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Brad Byrd In-Depth: Detective Brent Melton

Welcome to In-Depth. More than a week ago tonight a jury was in the middle of deliberations that went on for eleven hours in the murder trial of Terrence Roach. Roach was standing charges of murder in the death of Aleah Beckerle. When the jurors entered the courtroom the jurors announced their decision that would fill the courtroom and the hallway in the Court Building with tears, shouts and obscenities. Roach was found not guilty on all counts of murder and found guilty of criminal confinement and abuse of a corpse.

I'm joined tonight by Detective Brent Melton of the Evansville Police Department and Detective Melton was the lead investigator in this case. You told me last week you were devastated and your emotions were destroyed... tell me why this was such a personal ordeal for you.

Detective Melton: Well, I felt like that, uh, two years of my life had just, in an instant, went away. You know, the work and the dedication and uh, you know, it takes me back to the first time I met Aleah in June of 2016 on a shots fired run. And then, of course, when I realized she was abducted it became very personal – from day one it has.

 

Brad: And looking now at the evidence and in the eyes of the jurors who deliberated for several hours – you had the confession. You felt this was a slam dunk. Tell me why.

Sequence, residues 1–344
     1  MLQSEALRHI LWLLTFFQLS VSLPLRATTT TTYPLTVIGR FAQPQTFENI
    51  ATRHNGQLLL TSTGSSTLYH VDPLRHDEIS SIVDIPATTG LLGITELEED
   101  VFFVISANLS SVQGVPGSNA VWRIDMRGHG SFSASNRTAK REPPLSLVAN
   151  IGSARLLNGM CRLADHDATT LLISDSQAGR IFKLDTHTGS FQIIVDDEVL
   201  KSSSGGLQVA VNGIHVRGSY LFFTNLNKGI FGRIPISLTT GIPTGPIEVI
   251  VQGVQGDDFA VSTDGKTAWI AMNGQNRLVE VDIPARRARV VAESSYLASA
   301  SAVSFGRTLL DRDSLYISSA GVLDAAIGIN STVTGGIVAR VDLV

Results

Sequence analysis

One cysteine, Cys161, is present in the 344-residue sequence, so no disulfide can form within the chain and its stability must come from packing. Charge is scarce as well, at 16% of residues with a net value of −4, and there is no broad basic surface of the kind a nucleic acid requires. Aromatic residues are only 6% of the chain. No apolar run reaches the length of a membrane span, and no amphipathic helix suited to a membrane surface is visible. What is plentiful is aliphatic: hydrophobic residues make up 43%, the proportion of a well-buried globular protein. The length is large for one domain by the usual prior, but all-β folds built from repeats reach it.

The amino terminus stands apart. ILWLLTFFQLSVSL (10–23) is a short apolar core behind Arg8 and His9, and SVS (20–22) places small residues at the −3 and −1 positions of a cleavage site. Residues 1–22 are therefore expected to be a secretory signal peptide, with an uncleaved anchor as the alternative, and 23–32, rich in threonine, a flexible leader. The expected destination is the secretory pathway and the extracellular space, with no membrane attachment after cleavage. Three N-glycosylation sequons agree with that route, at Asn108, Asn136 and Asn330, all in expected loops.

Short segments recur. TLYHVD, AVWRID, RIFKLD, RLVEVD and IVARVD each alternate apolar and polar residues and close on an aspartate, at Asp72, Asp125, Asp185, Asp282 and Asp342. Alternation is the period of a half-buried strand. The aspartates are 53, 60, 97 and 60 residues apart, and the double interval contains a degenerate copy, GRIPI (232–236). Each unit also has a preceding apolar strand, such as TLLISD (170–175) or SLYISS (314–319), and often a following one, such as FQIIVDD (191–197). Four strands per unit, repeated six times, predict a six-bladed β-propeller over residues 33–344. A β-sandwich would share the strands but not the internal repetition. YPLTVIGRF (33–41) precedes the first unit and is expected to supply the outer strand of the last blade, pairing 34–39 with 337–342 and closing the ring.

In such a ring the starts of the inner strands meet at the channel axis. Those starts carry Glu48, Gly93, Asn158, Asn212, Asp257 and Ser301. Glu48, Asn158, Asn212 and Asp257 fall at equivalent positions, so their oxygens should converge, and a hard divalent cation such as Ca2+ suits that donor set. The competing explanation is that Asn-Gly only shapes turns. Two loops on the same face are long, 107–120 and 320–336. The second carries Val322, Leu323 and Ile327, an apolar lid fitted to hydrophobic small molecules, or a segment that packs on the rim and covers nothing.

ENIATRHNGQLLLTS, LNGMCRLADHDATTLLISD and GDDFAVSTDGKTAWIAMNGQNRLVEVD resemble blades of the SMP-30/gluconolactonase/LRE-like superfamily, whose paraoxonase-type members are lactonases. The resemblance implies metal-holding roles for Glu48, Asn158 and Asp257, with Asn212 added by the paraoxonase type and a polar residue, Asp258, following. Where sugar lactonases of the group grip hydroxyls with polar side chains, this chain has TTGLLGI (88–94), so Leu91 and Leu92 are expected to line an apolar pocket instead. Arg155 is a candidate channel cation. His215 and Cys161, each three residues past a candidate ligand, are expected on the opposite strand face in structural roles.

Detective Melton: Brad, I can tell you that in my 22 years of doing this, I’ve never had a murder trial with this much evidence. It was astounding. We… we had the confession. He was interviewed by three different detectives, Detective Thiry, Detective Hands and myself over two different occasions. The second interview was entered into evidence because it summarized everything very well. But in those interviews, a detective doesn’t just get a confession and then just stop immediately. We spent hours clarifying what he said and going through details and listening for changes. That’s what you do as a detective to see if someone’s lying to you. You listen for changes and he never - once he felt compelled to tell the truth of what, this horrible thing he had done, he never changed his story. Never. Not once.

Brad: We all have instances where we say to ourselves, “Oh, I wish I had that moment back.” Let’s talk about the evidence at the original crime scene, not the scene on Bedford, where her remains were found.

Detective Melton: Okay.

Brad: The Beckerle home.

Detective Melton: 403 East Iowa, yes.

Brad: The bedroom – processing that window – in hindsight, what did you miss?